There is a routine that happens during the fall/winter mornings at my house.
I confess, it’s pretty sad.
It begins with my alarm going off multiple times.
I set 4 different ones.
This is after my husband’s has already gone off.
And 99% of the time, I still don’t wake up until he comes to gently nudge me awake, encouraging me to get up before I am late again.
For the record – I am always late again.
In a rush I get up, get dressed, get my make up on, rush to prepare my lunch, check to make sure the manchild has everything he needs for school. Without fail, I always forget something.
My water. My coffee. My lunch bag. My phone. My breakfast shake.
Finally with everything in tow, our manchild calls out to his dad
“love you dad, hope you have a good day!”
My husband wishes him a good day at school and calls out “Love you too”.
Then I give my hubs a good-bye kiss and follow the manchild out the door.
Getting into the actual car becomes another whole ordeal.
Holding a water bottle, a coffee cup, a purse, a breakfast shake,
and a lunch bag proves to be too much.
Without a word, I hold out my coffee cup to the manchild
who takes it and places it in the cupholder.
Then he takes the water bottle while I twist and turn to set my bags in the back.
Most mornings he or my husband have already cranked the car, so it’s warm and defrosted.
On the rare morning they don’t, at this point my son and I scramble back out of the car to wipe and scrape off any snow or ice.
Once we are in and actually ready to take off,
he is in charge of making sure my coffee doesn’t spill.
He turns on the radio, I drink my breakfast down.
Then I’ll toss the empty shake cup down and reach my hand out, he hands me my coffee.
After a bit of coffee we may pray together about the day ahead, or just chit-chat.
Sometimes we sing along to the radio, or we laugh and poke fun
at each other about who made who late.
Some mornings one or the other or both of us are grumpy, maybe instead of “I love yous” we left the house with harsh words and criticism.
Those mornings we ride in silence until it’s time for him to get out of the car.
No matter what, he always turns down the radio as he gets out of the car,
I always say “love you, have a good day”.
And he says “love you too, bye”.
Last week, in the midst of one of these mornings
when we reached the point he was handing me my coffee,
after protecting it from spilling as we bumped over all the potholes on the dirt road,
it struck me.
I’ll only be taking him to school for two and half more years.
A little less if he has a car to drive himself his senior year.
At the stop sign, as he was checking with his head turned away from me
calling out “nothings coming”, I just took the moment in.
The rushing. The hecticness. The frustration and the laughter at it.
The reality that these mornings are coming to their end, this season of our lives together
as parents and child is winding down.
I took a deep breath to steady my emotions and pulled onto the road.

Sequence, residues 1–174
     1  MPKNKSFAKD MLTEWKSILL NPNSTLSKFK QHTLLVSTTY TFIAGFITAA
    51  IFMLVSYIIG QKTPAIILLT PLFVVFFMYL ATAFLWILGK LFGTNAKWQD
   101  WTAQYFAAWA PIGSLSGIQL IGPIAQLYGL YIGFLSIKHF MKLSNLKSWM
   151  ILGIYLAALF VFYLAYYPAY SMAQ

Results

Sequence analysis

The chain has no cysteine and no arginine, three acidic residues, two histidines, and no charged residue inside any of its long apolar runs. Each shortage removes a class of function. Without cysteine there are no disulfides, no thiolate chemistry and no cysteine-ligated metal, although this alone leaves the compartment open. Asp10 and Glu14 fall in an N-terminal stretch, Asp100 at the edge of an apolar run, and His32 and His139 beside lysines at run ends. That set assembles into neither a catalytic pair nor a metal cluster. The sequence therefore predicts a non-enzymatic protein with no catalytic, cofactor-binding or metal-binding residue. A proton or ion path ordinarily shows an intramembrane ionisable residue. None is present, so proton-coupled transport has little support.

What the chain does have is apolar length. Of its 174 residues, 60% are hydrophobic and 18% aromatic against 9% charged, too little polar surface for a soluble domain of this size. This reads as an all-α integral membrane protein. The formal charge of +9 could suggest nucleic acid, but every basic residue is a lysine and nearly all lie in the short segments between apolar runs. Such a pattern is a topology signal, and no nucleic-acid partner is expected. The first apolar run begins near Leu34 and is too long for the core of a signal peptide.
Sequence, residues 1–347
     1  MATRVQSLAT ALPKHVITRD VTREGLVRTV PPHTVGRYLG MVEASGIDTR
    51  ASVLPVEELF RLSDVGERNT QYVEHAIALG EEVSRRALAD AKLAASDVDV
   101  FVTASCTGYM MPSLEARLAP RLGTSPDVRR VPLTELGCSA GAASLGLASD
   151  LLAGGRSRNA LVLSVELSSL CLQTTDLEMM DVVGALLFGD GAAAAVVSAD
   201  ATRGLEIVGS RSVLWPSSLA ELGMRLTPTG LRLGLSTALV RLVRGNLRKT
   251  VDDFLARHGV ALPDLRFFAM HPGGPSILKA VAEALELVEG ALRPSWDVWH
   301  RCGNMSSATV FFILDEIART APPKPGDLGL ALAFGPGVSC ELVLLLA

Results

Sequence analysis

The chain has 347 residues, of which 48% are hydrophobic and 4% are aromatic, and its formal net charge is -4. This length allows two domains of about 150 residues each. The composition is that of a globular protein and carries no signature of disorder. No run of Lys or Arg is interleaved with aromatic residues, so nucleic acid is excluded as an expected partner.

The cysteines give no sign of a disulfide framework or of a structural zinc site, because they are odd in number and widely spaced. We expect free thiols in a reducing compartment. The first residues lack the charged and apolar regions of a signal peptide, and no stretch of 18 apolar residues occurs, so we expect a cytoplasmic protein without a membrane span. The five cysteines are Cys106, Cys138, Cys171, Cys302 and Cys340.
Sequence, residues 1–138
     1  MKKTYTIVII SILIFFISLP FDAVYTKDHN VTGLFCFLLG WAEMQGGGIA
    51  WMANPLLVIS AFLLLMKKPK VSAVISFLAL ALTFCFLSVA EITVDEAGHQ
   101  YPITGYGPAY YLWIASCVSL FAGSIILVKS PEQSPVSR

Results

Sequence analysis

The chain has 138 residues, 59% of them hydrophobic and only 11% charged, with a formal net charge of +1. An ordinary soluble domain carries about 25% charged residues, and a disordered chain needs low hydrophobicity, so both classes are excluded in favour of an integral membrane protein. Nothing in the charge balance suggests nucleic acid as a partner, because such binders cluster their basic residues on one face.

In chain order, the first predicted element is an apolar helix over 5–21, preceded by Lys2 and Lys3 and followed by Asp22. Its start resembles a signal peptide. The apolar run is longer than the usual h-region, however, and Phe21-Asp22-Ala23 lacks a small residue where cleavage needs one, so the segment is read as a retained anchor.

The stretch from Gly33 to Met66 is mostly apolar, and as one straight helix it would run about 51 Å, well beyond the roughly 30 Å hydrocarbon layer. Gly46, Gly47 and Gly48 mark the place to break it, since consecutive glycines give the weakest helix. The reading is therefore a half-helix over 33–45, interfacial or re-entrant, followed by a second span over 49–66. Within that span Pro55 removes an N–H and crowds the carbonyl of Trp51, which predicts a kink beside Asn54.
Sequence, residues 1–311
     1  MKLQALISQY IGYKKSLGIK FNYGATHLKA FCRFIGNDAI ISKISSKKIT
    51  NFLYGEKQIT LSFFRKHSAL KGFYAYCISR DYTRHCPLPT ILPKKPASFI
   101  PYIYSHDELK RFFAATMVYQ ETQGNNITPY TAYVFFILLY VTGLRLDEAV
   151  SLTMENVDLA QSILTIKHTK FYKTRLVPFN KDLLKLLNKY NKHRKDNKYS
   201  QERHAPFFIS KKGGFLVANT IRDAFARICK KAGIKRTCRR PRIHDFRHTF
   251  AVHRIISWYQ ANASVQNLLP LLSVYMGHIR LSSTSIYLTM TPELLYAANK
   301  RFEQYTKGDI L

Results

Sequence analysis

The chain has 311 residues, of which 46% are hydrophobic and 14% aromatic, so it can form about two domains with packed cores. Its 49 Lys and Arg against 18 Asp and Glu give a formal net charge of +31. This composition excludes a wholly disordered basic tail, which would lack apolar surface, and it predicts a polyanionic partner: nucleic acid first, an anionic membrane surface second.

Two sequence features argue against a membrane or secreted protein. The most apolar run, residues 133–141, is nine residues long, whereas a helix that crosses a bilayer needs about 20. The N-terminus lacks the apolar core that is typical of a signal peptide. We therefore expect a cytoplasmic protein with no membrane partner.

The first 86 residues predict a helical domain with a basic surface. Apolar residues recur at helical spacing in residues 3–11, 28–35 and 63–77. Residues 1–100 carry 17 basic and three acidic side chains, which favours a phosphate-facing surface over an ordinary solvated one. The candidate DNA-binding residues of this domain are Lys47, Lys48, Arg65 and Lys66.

In the quiet I said gently, “I’m going to miss these mornings with you kid.”
Because it’s true. I am.
I only have one biological child, this manchild of mine. My husband adopted him,
he’s our son growing into a young man.
I have a step-daughter who is already out in the adult world with her own son.
In a few years time my husband and I will enter into what people call “the empty nest”.
Which is a lie.
That’s what the Lord has laid on my heart these last several months.
You see, my husband and I will not have an empty nest, because we are still here.
He and I, we are the ones who will be living in this nest of ours.
With a puppy, a kitty. And the fish if I can remember to feed them. (RIP greenie).
I was too young when I had my son. The teenage mother statistic.
The truth is, I’ve never been an adult without being a mom.
It’s terrifying to think about.
My entire “adult” life, every decision I made, every thing I did,
I had to consider this son of mine.
I didn’t do it perfectly by any means.
I have volumes I could share with you on all the wrong things a parent can do
because I’ve done it.
However, I did try my very best. I still do.
So as my son is preparing to step out into the adult world, in a way, I am too.
For the first time, I’ll be an adult without a child at home.
My husband and I will have a wide open future before us.
Which is why I think the Lord is telling me to start nesting.
Preparing the nest for the hubs and I.
I remember nesting before my son was born.
It was instinctual. A God given instinct to prepare myself
and the space I had to bring this boy into the world.
Now I am nesting because my son is becoming an adult.
This is a God given instruction to my heart,
to prepare myself and the space I share with my husband
as we prepare to release this manchild into adulthood.
I don’t fully know what this will look like. I just know that it’s happening.
Writing helps me to process things, and this life transition is both painful and exciting.
My mother’s heart is sad and struggling with what life will look like
when the manchild is no longer in this nest.
My wife’s heart is excited about the future adventures with my husband,
the two of us having precious time together we’ve never had before.
I know I’m not alone in this life transition.
In the upcoming years I am praying the Lord will place women in my path who have gone down it before me, who can encourage me and lift me up.
I have women in my life who are going through it at the same time as I am,
and I am praying we will be an encouragement to one another.
All this so that ultimately, one day, I will be the woman who has gone through it
and can love on a younger sister facing it.
I guess that’s why I’m choosing to blog about this.
To tell the mother hearts out there, your nest is not empty, and you are not alone.